A number of swamp land men have died by strangulation and the inhabitants believe that an innocent man they hanged is seeking revenge on all of the male descendants of those responsible for...
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A number of swamp land men have died by strangulation and the inhabitants believe that an innocent man they hanged is seeking revenge on all of the male descendants of those responsible for his death. Maria, granddaughter of the guilty ferryman, decides to operate the ferry service. Chris Sanders, a son of one of the men who did the hanging, and Maria fall in love. The "strangler" seizes Chris and Maria offers her life if Chris is spared.Written by
Les Adams <firstname.lastname@example.org>
Based on the German film "Fahrmann Maria" ("Ferryman Maria") directed also by Frank Wisbar, one of the rare times that the same director helmed both the American and foreign language version of the same film. See more »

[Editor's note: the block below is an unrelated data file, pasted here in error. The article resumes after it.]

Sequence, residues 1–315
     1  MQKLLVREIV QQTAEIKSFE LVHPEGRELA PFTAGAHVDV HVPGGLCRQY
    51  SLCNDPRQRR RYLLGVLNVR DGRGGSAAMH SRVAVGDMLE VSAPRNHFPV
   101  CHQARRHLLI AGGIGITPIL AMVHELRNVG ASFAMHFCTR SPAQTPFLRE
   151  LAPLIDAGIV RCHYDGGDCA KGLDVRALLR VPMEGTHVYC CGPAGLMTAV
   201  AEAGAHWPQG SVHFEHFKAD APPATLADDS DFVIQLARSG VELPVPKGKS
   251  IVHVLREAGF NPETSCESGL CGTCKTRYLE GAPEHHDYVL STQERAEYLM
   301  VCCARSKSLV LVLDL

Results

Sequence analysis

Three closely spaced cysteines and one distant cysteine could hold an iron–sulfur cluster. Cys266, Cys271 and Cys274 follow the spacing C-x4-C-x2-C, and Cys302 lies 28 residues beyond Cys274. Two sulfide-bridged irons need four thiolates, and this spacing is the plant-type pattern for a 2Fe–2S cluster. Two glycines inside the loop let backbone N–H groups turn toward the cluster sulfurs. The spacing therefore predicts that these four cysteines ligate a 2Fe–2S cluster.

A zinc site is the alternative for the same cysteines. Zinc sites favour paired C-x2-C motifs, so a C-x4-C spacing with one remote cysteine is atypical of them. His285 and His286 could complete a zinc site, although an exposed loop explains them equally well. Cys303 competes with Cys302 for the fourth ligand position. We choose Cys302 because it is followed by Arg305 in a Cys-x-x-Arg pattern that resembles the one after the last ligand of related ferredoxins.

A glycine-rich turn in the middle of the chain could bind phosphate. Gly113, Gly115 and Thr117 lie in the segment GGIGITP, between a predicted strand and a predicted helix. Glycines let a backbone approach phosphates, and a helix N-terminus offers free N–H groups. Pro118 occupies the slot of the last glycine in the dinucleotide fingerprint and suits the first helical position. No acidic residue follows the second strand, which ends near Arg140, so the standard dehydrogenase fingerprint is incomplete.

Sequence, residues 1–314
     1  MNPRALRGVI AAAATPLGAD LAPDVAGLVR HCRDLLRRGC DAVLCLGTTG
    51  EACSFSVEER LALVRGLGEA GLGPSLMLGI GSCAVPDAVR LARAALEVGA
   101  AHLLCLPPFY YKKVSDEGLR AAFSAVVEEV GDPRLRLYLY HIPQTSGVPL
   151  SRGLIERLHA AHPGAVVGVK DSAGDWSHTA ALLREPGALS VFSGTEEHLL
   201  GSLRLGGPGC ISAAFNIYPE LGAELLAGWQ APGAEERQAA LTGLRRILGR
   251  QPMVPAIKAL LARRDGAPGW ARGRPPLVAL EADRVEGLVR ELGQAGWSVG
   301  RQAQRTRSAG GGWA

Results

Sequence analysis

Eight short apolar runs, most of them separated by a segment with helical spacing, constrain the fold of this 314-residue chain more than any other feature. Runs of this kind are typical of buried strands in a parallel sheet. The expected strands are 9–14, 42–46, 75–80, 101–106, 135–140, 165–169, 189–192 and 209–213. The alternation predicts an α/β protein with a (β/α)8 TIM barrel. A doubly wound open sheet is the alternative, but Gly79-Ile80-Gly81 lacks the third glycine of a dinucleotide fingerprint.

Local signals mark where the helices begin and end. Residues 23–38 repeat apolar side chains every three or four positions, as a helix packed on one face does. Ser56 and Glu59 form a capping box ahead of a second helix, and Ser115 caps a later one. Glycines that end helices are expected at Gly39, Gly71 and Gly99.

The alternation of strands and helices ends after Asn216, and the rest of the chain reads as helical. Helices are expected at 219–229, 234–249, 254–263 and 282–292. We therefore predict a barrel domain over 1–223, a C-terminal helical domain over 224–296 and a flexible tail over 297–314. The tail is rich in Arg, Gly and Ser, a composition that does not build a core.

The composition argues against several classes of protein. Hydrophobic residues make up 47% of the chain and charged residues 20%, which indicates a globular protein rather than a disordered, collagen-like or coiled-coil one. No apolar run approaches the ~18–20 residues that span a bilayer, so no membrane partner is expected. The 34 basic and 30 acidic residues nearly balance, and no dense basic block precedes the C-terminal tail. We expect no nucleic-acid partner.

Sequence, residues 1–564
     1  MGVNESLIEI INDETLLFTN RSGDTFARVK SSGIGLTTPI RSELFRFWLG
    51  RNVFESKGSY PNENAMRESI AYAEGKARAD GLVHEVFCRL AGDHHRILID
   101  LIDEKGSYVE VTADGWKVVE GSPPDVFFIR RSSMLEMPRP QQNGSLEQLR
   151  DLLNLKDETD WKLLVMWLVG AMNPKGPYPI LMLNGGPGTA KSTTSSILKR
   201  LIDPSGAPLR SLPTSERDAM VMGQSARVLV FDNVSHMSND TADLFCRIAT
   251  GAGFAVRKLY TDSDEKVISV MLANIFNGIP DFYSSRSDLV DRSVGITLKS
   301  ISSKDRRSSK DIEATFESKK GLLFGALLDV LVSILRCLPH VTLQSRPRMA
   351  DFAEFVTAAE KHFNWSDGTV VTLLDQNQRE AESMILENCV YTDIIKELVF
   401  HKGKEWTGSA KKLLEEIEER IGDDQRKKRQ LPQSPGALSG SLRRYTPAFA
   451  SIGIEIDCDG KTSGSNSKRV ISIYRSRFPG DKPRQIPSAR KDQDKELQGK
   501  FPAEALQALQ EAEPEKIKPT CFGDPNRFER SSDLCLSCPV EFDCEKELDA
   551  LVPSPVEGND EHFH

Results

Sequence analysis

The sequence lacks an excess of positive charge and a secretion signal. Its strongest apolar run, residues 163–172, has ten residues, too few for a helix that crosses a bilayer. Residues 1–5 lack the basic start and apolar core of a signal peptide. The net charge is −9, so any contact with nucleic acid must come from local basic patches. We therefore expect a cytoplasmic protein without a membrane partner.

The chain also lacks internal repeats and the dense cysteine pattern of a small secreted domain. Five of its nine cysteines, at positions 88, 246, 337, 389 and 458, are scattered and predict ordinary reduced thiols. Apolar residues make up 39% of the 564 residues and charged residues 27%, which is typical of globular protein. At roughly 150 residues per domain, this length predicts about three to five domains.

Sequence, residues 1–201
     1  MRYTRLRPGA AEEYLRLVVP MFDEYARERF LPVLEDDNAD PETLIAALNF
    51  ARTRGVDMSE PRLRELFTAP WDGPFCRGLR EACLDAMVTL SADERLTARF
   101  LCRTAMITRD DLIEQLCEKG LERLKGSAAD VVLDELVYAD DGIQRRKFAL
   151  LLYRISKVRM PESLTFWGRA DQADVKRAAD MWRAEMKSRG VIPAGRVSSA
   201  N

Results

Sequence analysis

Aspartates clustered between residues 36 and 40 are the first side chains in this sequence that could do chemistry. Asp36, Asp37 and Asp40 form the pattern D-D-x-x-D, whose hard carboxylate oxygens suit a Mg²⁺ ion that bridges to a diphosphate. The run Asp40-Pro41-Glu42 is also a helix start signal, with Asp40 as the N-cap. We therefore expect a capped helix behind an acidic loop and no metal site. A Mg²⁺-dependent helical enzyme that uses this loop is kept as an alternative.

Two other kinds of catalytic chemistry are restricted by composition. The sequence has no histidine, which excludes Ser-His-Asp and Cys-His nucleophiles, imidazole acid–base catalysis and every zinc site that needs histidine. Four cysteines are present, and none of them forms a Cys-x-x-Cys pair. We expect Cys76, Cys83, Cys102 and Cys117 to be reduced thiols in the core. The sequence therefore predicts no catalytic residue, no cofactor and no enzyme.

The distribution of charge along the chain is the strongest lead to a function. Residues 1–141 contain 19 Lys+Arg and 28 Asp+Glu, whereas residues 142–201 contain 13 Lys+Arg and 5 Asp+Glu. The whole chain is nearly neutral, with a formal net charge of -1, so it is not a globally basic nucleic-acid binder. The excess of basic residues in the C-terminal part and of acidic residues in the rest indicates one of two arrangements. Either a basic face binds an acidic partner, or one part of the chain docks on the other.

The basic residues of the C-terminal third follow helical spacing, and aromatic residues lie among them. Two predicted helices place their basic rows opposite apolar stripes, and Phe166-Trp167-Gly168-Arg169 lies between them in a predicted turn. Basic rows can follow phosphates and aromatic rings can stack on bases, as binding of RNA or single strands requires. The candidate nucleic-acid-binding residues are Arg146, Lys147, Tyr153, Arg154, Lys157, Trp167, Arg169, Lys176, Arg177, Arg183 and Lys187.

"Strangler of the Swamp" is a very strange little picture from PRC, one of the so-called Poverty Row studios of the '40s; the same studio responsible for such wonders as "The Devil Bat" (1941) and "The Devil Bat's Daughter" (1946). This last film starred Miss America 1941, Rosemary La Planche, in the same year that she appeared in "Strangler." Here, she plays Maria, the granddaughter of a ferry boat operator in one of the most dismal-looking swamps you could ever imagine. Having felt lonely while working in the big city, what could be more natural than her taking over her grandpappy's job when he is killed by the eponymous swamp strangler, the pale-faced spirit of a wrongfully hanged man, eerily played by Charles "Ming the Merciless" Middleton? Whilst pulling this tow-rope swamp barge through its courses, Maria meets hunky Chris Sanders, played by Blake Edwards (yes, THAT Blake Edwards, almost a full decade before he was to begin his glorious career as a director). Anyway, cheaply made and studio bound as "Strangler" is, I suppose the picture does have atmosphere to spare. Shot mostly on darkened sets and with prodigious amounts of swirling ground mist and bullfrog croakings, the film does evoke a creepy bayou feel, and its brief running time (the whole thing barely clocks in under an hour) allows for zero padding. This is basically a minor little "B" picture, to be sure, that does what it sets out to do: tell a weird ghost story with absolutely no frills. The film is hardly ever scary, although there are several shots of Middleton's blank-faced mug that are fairly riveting. La Planche herself is very appealing, strange as her character may be (honestly, who would ever lay down in a pile of grass and swamp muck at night to take a nap?!?), and Edwards fine as the surprisingly UNheroic leading man. The DVD that I just watched features a battered-looking print with no extras, but I suppose we may never see this oddball curiosity look any better. Fans of '40s "B" horror may find the picture sufficiently rewarding to warrant a look; others, I feel, may find it a fairly hard pull.
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